Tom, Tom, the Piper's Son (I)

DESCRIPTION: Tom, "the piper's son, Stole a pig and away did run." He eats the pig, he is beaten, and runs crying or roaring down the street.
AUTHOR: unknown
EARLIEST DATE: 1810 (Ritson)
KEYWORDS: punishment theft animal
FOUND IN: Britain(England(Lond)) Canada(Ont)
REFERENCES (7 citations):
Opie-Oxford2 509, "Tom, Tom, the piper's son" (1 text)
Baring-Gould-MotherGoose #126, p. 105, "(Tom, Tom, the piper's son)" (1 text)
Jack, p. 217, "Tom, Tom, the Piper's Son" (1 text, in the notes to "Tom, Tom, the Piper's Son (II)")
Dolby, p. 149, "Tom, Tom, the Piper's Son" (1 text plus a fragment of "O'er the Hills and Far Away (I)")
ADDITIONAL: F. Eileen Bleakney, "Folk-Lore from Ottawa and Vicinity" in The Journal of American Folklore, Vol. XXXI, No. 120 (Apr-Jun 1918 (available online by JSTOR)), #18 p. 166 ("Tom, Tom, the piper's son") (1 text)
Joseph Ritson, Gammer Gurton's Garland (London, 1810 ("Digitized by Google")), p. 35, ("Tom Thumb the piper's son") (1 text)
Elizabeth Mary Wright, "Rustic Speech and Folk-Lore" (London, 1913), pp. 119-120, ("Tom, Tom, the baker's son") (1 text)

Roud #19621
CROSS-REFERENCES:
cf. "Tom, Tom, the Piper's Son (II)" (lyrics)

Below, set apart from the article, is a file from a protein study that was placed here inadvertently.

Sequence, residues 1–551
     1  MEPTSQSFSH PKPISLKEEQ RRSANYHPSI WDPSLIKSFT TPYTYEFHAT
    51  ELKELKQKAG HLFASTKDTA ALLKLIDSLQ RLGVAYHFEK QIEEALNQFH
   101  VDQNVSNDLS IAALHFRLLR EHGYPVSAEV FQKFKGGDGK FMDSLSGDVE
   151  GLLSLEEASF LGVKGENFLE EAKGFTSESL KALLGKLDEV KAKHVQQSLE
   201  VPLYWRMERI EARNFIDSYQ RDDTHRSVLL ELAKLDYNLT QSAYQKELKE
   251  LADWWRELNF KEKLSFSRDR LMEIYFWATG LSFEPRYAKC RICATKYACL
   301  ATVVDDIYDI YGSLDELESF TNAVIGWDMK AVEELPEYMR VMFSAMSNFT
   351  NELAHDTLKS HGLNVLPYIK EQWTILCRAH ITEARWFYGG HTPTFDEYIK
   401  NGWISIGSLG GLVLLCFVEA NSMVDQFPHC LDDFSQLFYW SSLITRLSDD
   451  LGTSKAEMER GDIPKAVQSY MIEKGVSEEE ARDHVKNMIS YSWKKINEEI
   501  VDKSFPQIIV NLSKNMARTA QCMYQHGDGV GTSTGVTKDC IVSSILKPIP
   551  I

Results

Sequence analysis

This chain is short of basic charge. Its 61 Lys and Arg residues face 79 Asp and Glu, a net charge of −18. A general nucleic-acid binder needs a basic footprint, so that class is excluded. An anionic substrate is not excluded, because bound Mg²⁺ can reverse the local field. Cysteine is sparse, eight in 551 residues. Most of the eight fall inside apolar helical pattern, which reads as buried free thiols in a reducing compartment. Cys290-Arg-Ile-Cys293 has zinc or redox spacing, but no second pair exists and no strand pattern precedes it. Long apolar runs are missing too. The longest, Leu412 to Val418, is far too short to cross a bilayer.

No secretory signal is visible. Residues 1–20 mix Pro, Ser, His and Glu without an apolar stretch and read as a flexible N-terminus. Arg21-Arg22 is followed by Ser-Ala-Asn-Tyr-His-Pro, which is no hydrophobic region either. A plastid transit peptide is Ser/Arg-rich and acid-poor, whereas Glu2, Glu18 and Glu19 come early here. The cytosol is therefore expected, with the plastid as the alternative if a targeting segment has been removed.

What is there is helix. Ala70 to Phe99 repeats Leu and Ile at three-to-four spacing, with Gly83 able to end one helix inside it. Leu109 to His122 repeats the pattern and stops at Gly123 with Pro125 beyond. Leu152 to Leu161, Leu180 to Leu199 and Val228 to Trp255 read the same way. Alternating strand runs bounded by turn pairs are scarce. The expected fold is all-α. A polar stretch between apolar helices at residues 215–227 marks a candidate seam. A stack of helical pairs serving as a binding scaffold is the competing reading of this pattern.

NOTES: The Wright text is from Lincolnshire: "Tom, Tom, the baker's son. Stole a wig, and away he run; The wig was eat, and Tom was beat, And Tom went roaring down the street." Wright explains that "a wig (in gen. dial. use) is a kind of cake or bun, a plain wig is a bun without currants, .... The ordinary version substitutes 'pig' for 'wig', and makes Tom's father a 'piper'. It is a question for textual critics to settle, but natural sequence of idea and detail is on the side of the 'wig'-version being the original one; and it is easy to see how in a literary nursery, authority would say that the most omnivorous of small boys coud not eat a periwig, and therefore the word must be pig. This change once made, Tom's father becomes a piper for the sake of alliteration, rather than because there is any historical connexion between a piper and a pig." - BS
A textual critic generally looks for the reading which more easily could be corrupted into one of the others -- and Young Tom might have had some trouble carrying off a whole pig. A wig=bun would at least be easier of transport. So I don't think it can be absolutely settled. Indeed, some textual critics of the more radical sort might propose an emendation -- perhaps "fig" rather than either "pig" or "wig." - RBW
Last updated in version 3.3
File: OO2509

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